Engineering food supplies
As a young learner growing up in Zimbabwe, Dionne Shepherd (née Miles), a Best Emerging Young Scientist finalist, was fascinated by the minute scales of molecular/physical science through to the massive scales of astronomy, a fascination that continued throughout her school career.
She did her undergraduate studies and a BSc Hons at Rhodes University and then joined the University of Cape Town for her master’s and PhD.
The main thrust of her PhD was to research strategies for developing maize streak virus (MSV)-resistant maize by genetic engineering.
MSV ranks among the most serious biological threats to food security in sub-Saharan Africa. Genetically engineered MSV resistance is an agricultural biotechnology objective in efforts to eradicate poverty in Africa.
After obtaining her PhD, she worked at UCT from 2003 until 2007. For her postdoctoral work, she tested its genetically modified (GM) maize in greenhouse trials, showing that the resistance strategy is effective.
Since September 2007 Shepherd has held a research post at UCT. She says that the next step in the research is to perform field trials to prove the resistance holds up over several growing seasons and to evaluate the safety and environmental impact of the GM crop.
As well as the biotechnology aspect of her work, she also collaborates with Drs Arvind Varsani and Darrin Martin of UCT on one of the largest non-human pathogen virus diversity studies to be carried out in the world.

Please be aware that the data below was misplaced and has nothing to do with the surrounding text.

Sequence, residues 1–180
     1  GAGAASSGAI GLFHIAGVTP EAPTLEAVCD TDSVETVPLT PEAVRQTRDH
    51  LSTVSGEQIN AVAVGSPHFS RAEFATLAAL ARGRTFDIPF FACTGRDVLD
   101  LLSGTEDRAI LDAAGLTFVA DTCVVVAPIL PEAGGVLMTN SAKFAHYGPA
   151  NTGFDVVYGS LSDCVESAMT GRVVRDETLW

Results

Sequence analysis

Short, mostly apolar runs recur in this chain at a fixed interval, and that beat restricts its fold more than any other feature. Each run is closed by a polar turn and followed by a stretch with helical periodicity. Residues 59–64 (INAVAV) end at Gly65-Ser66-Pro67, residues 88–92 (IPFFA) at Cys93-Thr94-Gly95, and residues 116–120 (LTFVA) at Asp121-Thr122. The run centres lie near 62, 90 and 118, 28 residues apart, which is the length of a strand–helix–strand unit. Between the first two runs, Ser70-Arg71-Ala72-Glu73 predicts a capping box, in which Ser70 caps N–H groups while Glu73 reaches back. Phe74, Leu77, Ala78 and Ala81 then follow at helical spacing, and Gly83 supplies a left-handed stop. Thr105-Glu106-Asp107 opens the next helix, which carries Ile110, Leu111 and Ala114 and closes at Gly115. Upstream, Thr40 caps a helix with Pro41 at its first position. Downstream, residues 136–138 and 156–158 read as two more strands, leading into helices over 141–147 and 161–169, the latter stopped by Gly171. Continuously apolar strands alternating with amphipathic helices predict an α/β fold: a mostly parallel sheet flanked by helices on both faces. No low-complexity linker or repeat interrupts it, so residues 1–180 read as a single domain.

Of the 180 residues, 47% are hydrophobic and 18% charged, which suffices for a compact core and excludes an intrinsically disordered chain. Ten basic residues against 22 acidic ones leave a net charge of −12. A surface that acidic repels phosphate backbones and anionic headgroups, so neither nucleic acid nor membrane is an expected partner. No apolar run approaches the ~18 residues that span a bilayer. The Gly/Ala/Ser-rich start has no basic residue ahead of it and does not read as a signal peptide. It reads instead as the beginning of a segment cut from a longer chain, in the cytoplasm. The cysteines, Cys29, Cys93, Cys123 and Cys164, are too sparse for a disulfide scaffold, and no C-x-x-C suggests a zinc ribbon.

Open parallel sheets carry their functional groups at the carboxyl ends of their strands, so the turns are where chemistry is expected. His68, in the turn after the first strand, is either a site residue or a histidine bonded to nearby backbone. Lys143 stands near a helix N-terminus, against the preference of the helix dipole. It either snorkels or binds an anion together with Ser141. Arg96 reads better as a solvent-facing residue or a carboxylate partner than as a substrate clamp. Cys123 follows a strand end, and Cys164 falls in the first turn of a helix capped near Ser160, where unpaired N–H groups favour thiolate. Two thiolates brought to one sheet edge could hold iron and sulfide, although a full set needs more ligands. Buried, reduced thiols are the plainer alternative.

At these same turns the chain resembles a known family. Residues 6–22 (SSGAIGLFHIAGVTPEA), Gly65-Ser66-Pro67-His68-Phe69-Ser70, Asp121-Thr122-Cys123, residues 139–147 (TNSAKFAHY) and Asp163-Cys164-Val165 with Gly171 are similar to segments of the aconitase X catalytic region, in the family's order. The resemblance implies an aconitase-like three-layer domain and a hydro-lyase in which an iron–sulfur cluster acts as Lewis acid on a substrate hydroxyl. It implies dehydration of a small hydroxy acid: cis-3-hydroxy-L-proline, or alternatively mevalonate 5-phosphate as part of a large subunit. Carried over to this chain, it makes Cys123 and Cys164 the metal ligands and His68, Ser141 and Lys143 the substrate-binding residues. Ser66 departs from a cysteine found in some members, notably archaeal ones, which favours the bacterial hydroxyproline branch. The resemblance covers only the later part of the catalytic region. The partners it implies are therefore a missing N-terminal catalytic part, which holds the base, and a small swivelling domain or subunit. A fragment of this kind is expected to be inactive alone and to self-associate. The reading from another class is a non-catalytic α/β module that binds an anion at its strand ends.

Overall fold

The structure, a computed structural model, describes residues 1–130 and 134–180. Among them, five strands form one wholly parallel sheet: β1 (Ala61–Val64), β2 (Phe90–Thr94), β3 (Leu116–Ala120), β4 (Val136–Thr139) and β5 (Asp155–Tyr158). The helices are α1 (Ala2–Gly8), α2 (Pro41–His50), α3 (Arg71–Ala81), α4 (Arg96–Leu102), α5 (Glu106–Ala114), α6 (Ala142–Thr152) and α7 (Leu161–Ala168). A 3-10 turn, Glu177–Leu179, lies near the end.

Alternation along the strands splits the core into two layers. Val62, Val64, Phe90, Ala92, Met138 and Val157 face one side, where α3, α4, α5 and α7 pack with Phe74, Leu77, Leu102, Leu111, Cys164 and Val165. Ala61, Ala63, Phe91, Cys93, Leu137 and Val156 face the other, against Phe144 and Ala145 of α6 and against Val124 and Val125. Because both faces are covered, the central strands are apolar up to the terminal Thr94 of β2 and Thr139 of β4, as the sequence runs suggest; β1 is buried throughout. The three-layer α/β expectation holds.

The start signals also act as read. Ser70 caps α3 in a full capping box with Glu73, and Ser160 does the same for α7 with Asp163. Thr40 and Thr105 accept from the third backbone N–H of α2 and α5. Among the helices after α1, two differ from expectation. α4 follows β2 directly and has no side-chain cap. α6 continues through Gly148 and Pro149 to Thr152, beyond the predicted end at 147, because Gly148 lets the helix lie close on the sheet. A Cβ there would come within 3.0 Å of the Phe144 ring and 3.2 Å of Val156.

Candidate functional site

Together with PhD students Betty Owor and Adérito Monjane, they are investigating the diversity of mastreviruses (the genus to which MSV belongs) and have set up a network of collaborators throughout Africa. Based on their diversity studies so far, they have shown that their GM maize is resistant to the most prevalent and severe viral strains identified throughout sub-Saharan Africa.
MSV is endemic to Africa. This, the first GM MSV-resistant maize in the world, was developed by an all-African team and is a first step towards Africa losing its reliance on foreign biotechnology and multinational seed companies.
Shepherd has published 14 papers in international journals (with a 15th in press) and one book chapter, and has had considerable international recognition for her work on developing MSV-resistant transgenic maize.
Mentors who have had an impact on her career include Professor Don Hendry (her undergraduate lecturer and honours supervisor), Professor Ed Rybicki and Professor Jennifer Thomson (her PhD supervisors who began the project she is working on), and her colleague Darrin Martin.
- Distinguished Woman Scientist Award in the Area of Life Science. Criteria: PhD and five years postdoctoral experience; research project must contribute to the advancement of the country’s knowledge base.
- Achiever Award for a Woman Scientist in Industry. Criteria: A relevant qualification and at least five years post-basic experience; the candidate must be able to demonstrate sustained high levels of contribution to her chosen industry.
- Best Emerging Young Woman Scientist in the Area of Life Science. Criteria: PhD and less than five years postdoctoral experience.
- (Two) L’Oréal South Africa 2008 Postdoctoral Fellowships:
- Women Scientist fellowships:
L’Oréal South Africa Fellowship for Women in Science with the support of the South African Unesco National Commission, in association with the Department of Science and Technology—Life Sciences and Material Sciences. Criteria: Outstanding academic achievement in life sciences or material sciences.
Category: Women from Africa. Criteria: Scientists with at least two years post-master’s research experience.
Category: Gender Responsive Research. Criteria: Scientists with at least two years post-master’s research experience.
Category: Research in an area where the participation by women is traditionally low. Criteria: Female scientists with at least two years post-master’s research experience in architecture, computer/information sciences, engineering, mathematics/statistics, astronomy, physics or astrophysics.